I live in a gated community in the heart of Cochin city. It is a small locality, with just nine houses. Barely a kilometer away from the hustle and bustle of South Railway Station, our enclave is a haven of peace and quiet. Far away from the madding crowd, as it were. The sound and din of the city traffic do not bother us; there is just one high rise apartments nearby, and the closest supermarket is more than a kilometer away. There are a couple of old fashioned provision stores in the vicinity selling milk, bread, eggs and all the usual items one would see in a store in a village.A corporation truck that comes to clear the waste or the bus that wants to save time disrupts the traffic occasionally; otherwise the road is mostly filled with usual cars,bikes and pedestrians engaged in quotidian chores. As I leave my house for work each day, I see almost the same faces – some going to school, others picking up milk and daily provisions at the corner store, few senior citizens diligently taking their morning constitutional, and some regulars returning home after their daily visit to the local temples.
All in all, an oasis of serenity. A sort of bucolic retreat in the middle of a crowded city.
Naturally, the area shouldn’t be green and verdant, but it is thanks to the disputed property that belongs to a neighbor. The area is thick with foliage and trees, and the sights and sounds of a forgotten childhood that assail our senses constantly. Bumblebees and dragonflies fly around impudently during the day, and evenings resonate with the tireless chirping of crickets and the sonorous croak of bull frogs. Early mornings are simply beautiful . There is barely a hint of magenta at first, and then as the sky is suffused by a beautiful pink blush, the day awakens to the refreshing music of the birds. There is a lot of greenery where we live – several coconut palms and temple trees, a couple of majestic raintrees, a konna , a weeping willow, and a number of divi divi trees that provide a canopy of lush green along the driveway; and a profusion of flowering plants and bushes that serve as cover and sustenance to a variety of songbirds. Sparrows, swallows, koels, thrushes, larks , kingfishers – are in abundance, and they all appear simply joyous to be alive!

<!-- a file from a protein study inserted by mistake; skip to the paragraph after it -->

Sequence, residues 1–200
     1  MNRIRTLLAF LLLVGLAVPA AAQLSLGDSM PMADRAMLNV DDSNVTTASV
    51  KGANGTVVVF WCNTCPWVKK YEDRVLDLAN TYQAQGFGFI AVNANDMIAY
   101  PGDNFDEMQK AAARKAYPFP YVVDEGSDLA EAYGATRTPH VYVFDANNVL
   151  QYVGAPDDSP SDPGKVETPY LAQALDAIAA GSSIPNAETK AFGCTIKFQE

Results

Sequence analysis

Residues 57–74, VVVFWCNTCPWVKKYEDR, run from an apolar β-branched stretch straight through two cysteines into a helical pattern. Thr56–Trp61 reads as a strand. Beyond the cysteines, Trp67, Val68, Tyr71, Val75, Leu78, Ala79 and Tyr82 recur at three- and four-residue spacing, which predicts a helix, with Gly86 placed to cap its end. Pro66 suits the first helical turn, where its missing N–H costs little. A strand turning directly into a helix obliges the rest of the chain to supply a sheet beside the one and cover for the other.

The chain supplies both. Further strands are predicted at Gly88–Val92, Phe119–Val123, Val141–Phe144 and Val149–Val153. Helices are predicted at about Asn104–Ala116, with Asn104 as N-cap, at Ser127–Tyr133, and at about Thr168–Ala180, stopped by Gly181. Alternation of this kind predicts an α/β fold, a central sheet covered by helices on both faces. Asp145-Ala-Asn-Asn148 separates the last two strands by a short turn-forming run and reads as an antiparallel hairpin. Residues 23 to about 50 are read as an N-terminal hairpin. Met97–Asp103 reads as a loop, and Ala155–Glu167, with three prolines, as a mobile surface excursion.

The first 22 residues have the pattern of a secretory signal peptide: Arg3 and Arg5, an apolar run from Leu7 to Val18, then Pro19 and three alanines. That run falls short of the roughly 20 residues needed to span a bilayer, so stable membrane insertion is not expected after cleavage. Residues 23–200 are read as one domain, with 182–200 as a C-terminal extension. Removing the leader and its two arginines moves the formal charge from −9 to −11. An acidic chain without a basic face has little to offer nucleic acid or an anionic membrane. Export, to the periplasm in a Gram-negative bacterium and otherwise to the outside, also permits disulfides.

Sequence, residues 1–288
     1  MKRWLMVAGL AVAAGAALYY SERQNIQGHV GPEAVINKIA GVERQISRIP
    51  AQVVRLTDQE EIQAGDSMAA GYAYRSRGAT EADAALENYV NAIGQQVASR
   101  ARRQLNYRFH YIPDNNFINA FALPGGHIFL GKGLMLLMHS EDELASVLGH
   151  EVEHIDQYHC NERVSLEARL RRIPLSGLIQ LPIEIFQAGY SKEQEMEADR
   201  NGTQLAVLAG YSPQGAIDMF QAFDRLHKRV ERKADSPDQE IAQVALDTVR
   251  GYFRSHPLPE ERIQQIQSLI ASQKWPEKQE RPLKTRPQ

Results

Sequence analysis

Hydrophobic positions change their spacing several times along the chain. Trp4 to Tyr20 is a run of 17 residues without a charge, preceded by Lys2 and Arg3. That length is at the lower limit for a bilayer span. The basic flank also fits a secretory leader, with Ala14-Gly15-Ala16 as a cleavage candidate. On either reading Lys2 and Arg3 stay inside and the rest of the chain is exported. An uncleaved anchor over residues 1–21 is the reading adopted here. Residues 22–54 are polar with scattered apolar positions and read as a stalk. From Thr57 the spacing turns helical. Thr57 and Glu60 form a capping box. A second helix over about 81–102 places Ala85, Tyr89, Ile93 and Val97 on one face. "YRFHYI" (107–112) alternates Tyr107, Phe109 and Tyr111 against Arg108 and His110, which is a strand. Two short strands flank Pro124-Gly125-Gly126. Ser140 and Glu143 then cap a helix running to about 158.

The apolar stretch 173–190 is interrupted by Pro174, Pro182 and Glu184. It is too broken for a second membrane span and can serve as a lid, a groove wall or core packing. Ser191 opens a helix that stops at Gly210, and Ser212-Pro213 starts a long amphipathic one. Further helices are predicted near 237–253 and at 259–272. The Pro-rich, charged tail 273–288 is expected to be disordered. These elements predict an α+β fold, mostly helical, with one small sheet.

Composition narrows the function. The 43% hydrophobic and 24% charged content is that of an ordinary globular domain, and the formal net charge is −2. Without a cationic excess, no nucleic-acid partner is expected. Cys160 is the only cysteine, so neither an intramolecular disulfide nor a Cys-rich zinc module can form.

More than a month ago, I noticed a pair of red whiskered bulbuls busying themselves around a decorative palm near my front porch. Now these birds are easy to identify. They have a distinctive crest, and a fan tail. Their body is generally a dull brown, with a white underbelly, a red face patch and a colorful red vent near the tail. The birds typically feed on fruits and small insects. They are normally not shy of humans, and perch conspicuously on trees and rooftops, sending out a sharp three or four note call. Most mornings, I wake up to the music of their scolding chatter.
I could see that what these two birds were doing was part of their mating ritual. They were getting ready to breed. The pair worked tirelessly, and soon enough, had succeeded in creating a small cup shaped nest with twigs, dried leaves, grass, roots and strips of bark. The overhanging palm fronds ensured that the nest was quietly tucked away from the roving eyes of predators. And within a couple of days, there were two pale mauve, speckled eggs resting inside the nest.
Then followed a period of incubation. One bird would sit on the clutch of eggs, while the other would forage for food, and bring it back to its partner. Everyday, even before I had my morning cup of coffee, I would check on their status. I also became a vicarious parent of sorts, watching and observing my avian friends, waiting in anticipation for the eggs to hatch. After about fortnight of waiting, I found that the alchemy of creation had taken place. Th eggs had hatched, and I could see two tiny naked heads, eyes closed, jostling comfortably in the nest. . Both parents were close by, perched on trees, zealously guarding their off spring against any intruders, the air filled with the sharp notes of their constant warbling. Were they warning me to back off, I wondered. After a few days, I saw that the baby birds had opened their eyes, Of course, they were still helpless and depended on their parents to feed them.
And then, one morning, after about three weeks, I observed that the nest was empty. I realized that my young wards had fledged. They were ready to stretch their wings and soar forth into the world. The cycle of life was complete. The parents had done their job, and it was now time for the young ones to create their own music. I look around, and I can see the proud parents perched impudently on the rooftop opposite my house, making joyous music.
I am reminded of an old Chinese saying : A bird does not sing because it has an answer, it sings because it has a song.